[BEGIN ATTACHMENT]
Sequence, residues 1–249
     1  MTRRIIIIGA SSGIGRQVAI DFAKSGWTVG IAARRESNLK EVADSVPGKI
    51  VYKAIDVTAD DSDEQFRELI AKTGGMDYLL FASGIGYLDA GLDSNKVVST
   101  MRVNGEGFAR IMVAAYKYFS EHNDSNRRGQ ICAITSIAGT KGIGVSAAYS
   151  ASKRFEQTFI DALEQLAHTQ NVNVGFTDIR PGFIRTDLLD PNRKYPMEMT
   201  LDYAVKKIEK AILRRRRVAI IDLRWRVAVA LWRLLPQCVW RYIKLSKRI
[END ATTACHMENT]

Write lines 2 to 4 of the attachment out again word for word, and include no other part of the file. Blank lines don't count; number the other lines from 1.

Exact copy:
     1  MTRRIIIIGA SSGIGRQVAI DFAKSGWTVG IAARRESNLK EVADSVPGKI
    51  VYKAIDVTAD DSDEQFRELI AKTGGMDYLL FASGIGYLDA GLDSNKVVST
   101  MRVNGEGFAR IMVAAYKYFS EHNDSNRRGQ ICAITSIAGT KGIGVSAAYS